Last weekend, He and I were watching the current series of Mad Men. The estate agent was trying to sell Peggy her first apartment. On the Upper East Side. Great views, she chirped, an up-and-coming area she added – oh and the smell of all those Hungarian bakeries, the pushy sales lady threw in as a last resort. And, bearing in mind my latest find, that would have clinched the sale for me. There and then.
The latest sweet-smelling addition to our neighbourhood is Chimney Cake Bakers (which also doubles up as a café), on Finchley Road. In fact, it is even worth finding a parking space for – if you don’t live as close as I do. Neighbour ushered me in there last week; both of us equally keen to discover what on earth a chimney cake is.
Hungarian’s oldest pastry, was the answer. In fact, Kürtos Kalács is its real name when it’s at home. Some say that chimney cakes originally come from Transylvania but there’s no doubt that those Eastern European countries are all rather fond of them nowadays.
So, they can be sweet or savory, but MUST have a crispy crust with a soft, doughy inside. The really curious part about my new-found-favourite pastry is the way it’s cooked. Chimney Cake Bakers make each one from scratch, wrapping the uncooked pastry like a ribbon around a steel pin before baking it in a special chimney cake oven. You can even stand there and watch it turn as it cooks.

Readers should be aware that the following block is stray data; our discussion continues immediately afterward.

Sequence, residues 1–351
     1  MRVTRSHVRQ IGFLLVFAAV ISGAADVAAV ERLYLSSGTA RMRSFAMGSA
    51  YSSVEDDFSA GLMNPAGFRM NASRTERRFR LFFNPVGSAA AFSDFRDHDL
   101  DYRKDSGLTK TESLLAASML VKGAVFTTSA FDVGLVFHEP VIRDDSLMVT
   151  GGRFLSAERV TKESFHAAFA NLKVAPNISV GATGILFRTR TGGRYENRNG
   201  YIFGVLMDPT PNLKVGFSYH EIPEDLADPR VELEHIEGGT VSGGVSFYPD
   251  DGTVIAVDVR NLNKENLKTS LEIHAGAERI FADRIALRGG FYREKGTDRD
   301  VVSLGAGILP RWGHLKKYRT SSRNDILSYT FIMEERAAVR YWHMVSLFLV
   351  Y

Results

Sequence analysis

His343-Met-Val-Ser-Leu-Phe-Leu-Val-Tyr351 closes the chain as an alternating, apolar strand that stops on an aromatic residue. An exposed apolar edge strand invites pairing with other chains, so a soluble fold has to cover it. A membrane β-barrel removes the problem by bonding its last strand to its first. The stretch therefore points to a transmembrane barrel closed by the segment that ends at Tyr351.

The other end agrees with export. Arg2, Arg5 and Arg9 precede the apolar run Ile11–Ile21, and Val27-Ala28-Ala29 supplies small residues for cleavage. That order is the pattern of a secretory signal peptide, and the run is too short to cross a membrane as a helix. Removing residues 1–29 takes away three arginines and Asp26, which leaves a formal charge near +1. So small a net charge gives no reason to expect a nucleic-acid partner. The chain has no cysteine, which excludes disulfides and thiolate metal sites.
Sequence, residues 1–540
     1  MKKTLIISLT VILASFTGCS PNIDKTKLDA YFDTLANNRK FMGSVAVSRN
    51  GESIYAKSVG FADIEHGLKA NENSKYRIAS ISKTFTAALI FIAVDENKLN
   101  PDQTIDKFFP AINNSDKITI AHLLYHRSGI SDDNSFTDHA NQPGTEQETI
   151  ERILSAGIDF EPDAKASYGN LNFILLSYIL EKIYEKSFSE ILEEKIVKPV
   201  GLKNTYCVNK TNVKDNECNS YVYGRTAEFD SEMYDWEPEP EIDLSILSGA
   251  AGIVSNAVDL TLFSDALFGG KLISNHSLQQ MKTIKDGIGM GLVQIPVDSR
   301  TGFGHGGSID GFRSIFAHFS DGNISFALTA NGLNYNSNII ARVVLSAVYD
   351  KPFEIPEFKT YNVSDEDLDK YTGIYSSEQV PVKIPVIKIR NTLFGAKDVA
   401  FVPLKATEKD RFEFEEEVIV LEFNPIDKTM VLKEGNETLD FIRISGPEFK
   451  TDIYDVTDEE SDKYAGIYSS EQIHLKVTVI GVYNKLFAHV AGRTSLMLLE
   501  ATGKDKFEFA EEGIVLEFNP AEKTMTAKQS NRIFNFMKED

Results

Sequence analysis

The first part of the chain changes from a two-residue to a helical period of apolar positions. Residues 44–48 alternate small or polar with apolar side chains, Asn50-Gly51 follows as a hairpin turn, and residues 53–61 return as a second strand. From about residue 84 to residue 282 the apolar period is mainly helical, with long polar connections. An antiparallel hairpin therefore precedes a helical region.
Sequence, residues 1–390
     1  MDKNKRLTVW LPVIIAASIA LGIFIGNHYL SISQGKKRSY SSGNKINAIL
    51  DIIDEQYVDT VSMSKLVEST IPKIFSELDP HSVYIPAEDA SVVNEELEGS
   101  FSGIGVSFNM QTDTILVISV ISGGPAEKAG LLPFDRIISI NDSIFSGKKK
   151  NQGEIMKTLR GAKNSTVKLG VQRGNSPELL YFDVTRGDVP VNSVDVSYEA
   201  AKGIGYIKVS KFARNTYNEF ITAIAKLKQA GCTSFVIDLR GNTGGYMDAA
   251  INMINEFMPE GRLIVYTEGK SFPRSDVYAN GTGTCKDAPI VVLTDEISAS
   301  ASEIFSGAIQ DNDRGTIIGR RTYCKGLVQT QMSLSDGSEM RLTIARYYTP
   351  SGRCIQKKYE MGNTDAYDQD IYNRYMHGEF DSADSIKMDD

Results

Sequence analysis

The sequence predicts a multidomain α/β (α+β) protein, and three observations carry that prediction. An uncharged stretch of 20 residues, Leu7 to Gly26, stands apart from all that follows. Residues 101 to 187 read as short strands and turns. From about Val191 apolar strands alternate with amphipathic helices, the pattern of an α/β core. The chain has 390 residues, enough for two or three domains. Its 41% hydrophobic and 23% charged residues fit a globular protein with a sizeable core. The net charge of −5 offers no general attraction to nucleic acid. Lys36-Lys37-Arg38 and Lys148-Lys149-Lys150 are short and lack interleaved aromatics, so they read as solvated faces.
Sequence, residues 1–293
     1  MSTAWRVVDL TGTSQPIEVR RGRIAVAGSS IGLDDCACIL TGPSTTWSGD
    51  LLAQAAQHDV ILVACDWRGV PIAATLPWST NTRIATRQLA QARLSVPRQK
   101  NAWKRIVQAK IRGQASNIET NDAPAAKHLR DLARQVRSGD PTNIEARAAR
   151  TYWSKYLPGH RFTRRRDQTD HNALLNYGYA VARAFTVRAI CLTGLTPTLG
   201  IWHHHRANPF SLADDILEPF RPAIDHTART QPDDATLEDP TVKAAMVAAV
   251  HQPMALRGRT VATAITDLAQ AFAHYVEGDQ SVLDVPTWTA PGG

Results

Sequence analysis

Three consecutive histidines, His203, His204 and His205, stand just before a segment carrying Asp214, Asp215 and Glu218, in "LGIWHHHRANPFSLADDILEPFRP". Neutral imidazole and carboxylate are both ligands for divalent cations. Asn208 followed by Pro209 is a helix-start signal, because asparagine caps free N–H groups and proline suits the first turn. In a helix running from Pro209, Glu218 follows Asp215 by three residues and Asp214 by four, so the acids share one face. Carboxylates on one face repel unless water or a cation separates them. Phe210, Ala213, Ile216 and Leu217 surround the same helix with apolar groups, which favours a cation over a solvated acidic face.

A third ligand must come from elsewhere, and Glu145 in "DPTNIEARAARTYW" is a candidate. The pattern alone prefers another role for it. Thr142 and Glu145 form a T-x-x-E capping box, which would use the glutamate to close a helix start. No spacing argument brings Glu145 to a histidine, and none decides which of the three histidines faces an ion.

On Saturday morning, my little ballerina needed a treat before her plies. We devoured a traditional one with sugar, only leaving a little remaining chimney for our boys. I wonder if the local estate agents in this area will start adding to their particulars: 3-bed split-level apartment, stunning rooftop views of London’s skyline, walking distance to HUNGARIAN BAKERY?